Humour and Fanaticism

By Michael Noonan. Michael is an amateur writer and painter, who lives in Halifax, United Kingdom; he maintains two active blog sites.

Some people, especially in the political and ideological spheres, really do deserve laughing it. Otherwise, if they were ever to have power or even influence, it would be no laughing matter for the rest of us. Humour is the necessary antidote to fanaticism, ideological intolerance, single issue orthodoxies, conspiracy theories, and collective delusions, which have arisen from time to time – particularly during periods of economic and social fragility – to hold mankind in thrall.

It is indeed often at times of economic and political uncertainty – such as, unfortunately, the period we are now living through, following the banking crash – when fanaticism and intolerance can come to the fore. We see this with the rise of reactionary, extremist and xenophobic parties in some of the Southern European countries – such as the Golden Dawn Party in Greece – that have been so badly affected by the crisis in the Euro Zone. Indeed we have seen something of a minor renascence in neo-Nazi ideology. Parties have emerged from relative obscurity, that deliberately blame and scapegoat immigrant communities and minorities for all the ills of society; and which try to pin on them the responsibility for a crisis that was generated, not by those targeted groups, but by the existing economic system.

Indeed it is highly probable that Hitler would never have come to power, and swept away the democrat Weimar Republic, if Germany in the late Twenties and early Thirties had not been hit so hard by the world economic recession that followed the Wall Street Crash in 1929. Indeed the fortunes of the National Socialist Party were mightily accelerated during that period, when it leapt from being a marginal, almost fringe party, to a serious contender for power. It was a time of course when faith in the existing parties and political structures took a nose dive and a desperate public, many of whom were unemployed, were vulnerable to the appeal of deceitful propaganda and simplistic, black and white solutions, to complex social and political problems. Indeed to ideas that might have been laughed to scorn and personalities that might have been dismissed as cranks and oddballs, in other, more prosperous and settled circumstances. Hitler’s fanatical and malign ideology, that scapegoated Jews, Gypsies, Blacks and others – and that elevated some entirely mythical Aryan race to superman status – could well have been subject to ridicule and derision, and left to flounder on the lunatic fringe, in other, more benign circumstances – rather than going on to create a totalitarian state, to carry out the Holocaust and plunge the world into a terrible war.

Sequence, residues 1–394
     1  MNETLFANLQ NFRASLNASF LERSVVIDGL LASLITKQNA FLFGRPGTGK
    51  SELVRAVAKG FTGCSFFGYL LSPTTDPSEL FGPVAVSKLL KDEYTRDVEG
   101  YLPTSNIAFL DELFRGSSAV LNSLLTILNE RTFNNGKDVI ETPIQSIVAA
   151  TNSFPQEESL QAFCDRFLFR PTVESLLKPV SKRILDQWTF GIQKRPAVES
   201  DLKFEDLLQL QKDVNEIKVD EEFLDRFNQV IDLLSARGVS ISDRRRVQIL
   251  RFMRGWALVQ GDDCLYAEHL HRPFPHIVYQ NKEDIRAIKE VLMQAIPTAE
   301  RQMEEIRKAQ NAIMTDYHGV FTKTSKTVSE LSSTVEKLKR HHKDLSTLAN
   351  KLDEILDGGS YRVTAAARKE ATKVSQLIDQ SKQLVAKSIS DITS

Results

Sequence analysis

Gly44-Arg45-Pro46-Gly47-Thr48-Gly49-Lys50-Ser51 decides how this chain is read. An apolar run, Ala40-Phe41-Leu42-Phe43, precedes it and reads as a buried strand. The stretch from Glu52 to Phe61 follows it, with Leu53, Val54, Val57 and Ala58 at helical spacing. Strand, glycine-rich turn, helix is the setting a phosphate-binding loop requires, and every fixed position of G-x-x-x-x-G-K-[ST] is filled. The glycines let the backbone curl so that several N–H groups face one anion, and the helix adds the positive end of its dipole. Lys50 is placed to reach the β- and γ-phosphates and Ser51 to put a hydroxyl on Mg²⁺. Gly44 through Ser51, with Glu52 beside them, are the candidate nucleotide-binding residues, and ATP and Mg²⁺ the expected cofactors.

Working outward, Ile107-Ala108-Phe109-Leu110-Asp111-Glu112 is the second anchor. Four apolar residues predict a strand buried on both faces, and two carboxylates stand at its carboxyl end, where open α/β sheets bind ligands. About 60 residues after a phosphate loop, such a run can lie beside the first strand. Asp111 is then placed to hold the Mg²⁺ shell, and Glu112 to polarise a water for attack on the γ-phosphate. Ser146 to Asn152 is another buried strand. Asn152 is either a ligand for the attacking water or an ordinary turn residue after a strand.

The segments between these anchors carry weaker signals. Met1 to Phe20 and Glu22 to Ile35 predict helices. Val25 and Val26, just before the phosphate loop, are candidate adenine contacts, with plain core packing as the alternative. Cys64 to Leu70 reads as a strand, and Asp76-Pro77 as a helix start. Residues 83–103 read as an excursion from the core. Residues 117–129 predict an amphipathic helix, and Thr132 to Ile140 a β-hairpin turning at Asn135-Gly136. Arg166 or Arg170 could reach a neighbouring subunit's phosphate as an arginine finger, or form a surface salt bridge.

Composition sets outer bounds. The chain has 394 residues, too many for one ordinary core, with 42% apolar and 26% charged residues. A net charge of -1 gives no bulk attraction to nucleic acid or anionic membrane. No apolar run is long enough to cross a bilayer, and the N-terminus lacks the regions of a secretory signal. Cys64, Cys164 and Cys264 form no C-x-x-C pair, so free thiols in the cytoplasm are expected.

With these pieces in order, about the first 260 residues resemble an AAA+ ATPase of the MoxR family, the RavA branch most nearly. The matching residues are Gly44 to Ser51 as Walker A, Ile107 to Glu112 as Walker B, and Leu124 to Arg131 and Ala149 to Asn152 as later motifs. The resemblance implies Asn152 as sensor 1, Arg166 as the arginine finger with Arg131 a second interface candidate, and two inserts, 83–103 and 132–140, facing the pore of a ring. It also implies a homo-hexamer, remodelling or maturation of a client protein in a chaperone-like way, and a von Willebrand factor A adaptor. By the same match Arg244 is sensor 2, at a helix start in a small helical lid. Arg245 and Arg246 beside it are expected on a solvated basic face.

On the subject of totalitarianism, and its inherent antipathy to humour, George Orwell once wrote, in one of his essays, that the goosestep – which, though first used in the old Prussian state, we now associate with military ceremonial in totalitarian countries – could not be used in England, because the people in the street would laugh. And that it can only be used in countries where the common people dare not laugh at the army.

Of course all the restrictions in Nazi Germany against free expression – with the ominous and sobering reality of the Gestapo and the concentration camp system lurking in the background to reinforce the censorship – didn’t prevent people in foreign nations from having a go at the Fuhrer. People such as the brilliant cartoonist David Low, and Charlie Chaplin, in his famous movie The Great Dictator, took Hitler to task in ways that wasn’t possible for those living in the fatherland – whatever they actually thought of him and his regime.

All fanaticisms – whether fascist, communistic, religious, or even free market fundamentalism – are hostile to humour and comedy, as they are to free speech in general. One doubts if there would be much room for humourists, comedians, satirists and mimics, in the grisly totalitarian theocracy which members of Al Qaeda and other such fundamentalist and terrorist groups would like to create. The comedian could well be an endangered species in such a ghastly society. Indeed one can’t recall Bin Laden cracking many jokes. The political or religious fanatic believes he is helping to create a pristine, perfect society, beyond error or reproach. A society which cannot be improved upon, and in which criticism isn’t welcomed. In such a society – where all contrary views, beliefs and opinions, are not only wrong, but also dangerous, and sacrilegious; and indeed criminal in nature – the place of humour and wit would be very uncertain and perilous.

Indeed being a humourist in a totalitarian state is in itself a rather precarious and even potentially perilous occupation. I’ve just read an article in a newspaper about a comedian in North Korea who has been sentenced to six months hard labour down a mine for telling a risqué joke at some function. And this is the second such sentence that person has received. It seems that being a comedian in such an authoritarian state must be like being a medieval court jester to some prickly and suspicious monarch – who might laugh one minute and order your head to be chopped off the next.

The fanatic, the zealot, and the single-issue obsessive, only accept one side, one interpretation, of life. Humour, by contrast, embraces all aspects of life and humanity; including human flaws and weaknesses. It dares to say that the King has no clothes, when all the cringing courtiers and servile hangers on have deluded themselves into the opposite view. That is why humour is so necessary, to deflate pomposity, pride, arrogance, and hubris; which, as we have seen all too clearly from history, can cause destruction and havoc if allowed to go unchecked.

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